It’s been a big year for AFL in Sydney with the launch of a second club. Team this with the broadcast of SBS’s Go Back To Where You Came From and The Merger is pretty topical for Sydneysiders. Damian Callinan’s one-man play was nominated for Best Show at Melbourne’s International Comedy Festival.

It tells the story of what happens when a Victorian town is forced to recruit asylum seekers to save their dying footy club. Callinan, who has been likened to Chris Lilley, plays eight characters. One of which is Afghani key forward Saeed who discovers his love of football while being detained in Nauru Island for four years. “It is pretty touchy pulling off an accent without seeming like Borat,” he says. While Callinan’s knowledge of our homegrown sport is impeccable, he spent four months reading everything he could from asylum seeker diaries to books on Islam. “In some cases people in detention centres are deliberately denied access to literature and the internet which makes it difficult to learn English and keep in touch with the world,” he explains. “Saeed used to get slipped in books about AFL player biographies, so he learns about Australia via a heavily coded form of literature. He ends up being a fantastic player and takes to it like a duck to water.”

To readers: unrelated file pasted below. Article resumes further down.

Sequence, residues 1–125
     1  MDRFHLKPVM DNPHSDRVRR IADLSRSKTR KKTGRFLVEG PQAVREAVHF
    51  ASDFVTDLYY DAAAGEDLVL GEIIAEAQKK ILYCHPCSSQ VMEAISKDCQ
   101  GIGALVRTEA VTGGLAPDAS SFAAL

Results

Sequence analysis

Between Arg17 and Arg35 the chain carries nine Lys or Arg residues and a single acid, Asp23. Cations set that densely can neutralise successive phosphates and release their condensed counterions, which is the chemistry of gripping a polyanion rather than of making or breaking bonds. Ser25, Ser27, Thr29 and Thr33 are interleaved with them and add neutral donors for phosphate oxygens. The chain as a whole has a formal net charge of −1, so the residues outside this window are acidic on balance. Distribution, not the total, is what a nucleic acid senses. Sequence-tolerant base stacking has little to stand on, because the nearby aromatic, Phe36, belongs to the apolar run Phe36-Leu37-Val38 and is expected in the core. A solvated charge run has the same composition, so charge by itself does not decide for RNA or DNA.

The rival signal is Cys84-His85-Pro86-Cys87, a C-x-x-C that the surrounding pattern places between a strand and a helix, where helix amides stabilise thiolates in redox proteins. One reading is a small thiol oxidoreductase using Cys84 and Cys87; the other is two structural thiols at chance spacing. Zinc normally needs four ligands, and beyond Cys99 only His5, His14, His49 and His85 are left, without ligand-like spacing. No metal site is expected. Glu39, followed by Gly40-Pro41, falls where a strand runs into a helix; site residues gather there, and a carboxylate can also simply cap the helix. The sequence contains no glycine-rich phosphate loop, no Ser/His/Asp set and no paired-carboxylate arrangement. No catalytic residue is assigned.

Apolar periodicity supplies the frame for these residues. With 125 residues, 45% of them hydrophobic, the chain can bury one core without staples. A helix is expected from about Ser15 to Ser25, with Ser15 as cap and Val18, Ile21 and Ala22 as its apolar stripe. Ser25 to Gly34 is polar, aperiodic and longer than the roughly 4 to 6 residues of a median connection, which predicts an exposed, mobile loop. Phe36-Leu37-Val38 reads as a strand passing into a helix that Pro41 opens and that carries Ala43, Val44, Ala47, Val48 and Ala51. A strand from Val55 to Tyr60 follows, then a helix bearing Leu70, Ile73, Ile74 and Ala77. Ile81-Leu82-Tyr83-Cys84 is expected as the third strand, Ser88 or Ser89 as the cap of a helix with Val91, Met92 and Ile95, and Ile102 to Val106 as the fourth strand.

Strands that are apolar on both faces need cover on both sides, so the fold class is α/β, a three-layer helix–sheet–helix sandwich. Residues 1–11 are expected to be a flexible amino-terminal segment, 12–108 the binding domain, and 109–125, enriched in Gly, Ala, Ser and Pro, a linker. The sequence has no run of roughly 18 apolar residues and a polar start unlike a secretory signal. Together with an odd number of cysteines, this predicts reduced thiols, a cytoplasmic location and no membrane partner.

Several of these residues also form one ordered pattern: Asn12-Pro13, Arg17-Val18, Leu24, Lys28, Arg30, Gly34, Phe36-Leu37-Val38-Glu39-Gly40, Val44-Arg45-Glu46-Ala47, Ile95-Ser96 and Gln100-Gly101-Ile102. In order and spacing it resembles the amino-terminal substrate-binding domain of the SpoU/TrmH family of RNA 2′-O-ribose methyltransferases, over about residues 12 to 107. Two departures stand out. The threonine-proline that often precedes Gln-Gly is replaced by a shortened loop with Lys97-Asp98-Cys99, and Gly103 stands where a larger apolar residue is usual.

While the plot may be a tad fanciful, it’s a situation that is happening all across Australia. “Communities are becoming renowned for their emergence of refugees and asylum seekers. Like Go Back To Where You Came From, when you learn the full horror of their stories, it’s hard to use sweeping generalisations and blind rhetoric when faced with actual human tragedy.”

Published in City News online and in print on September 2, 2012


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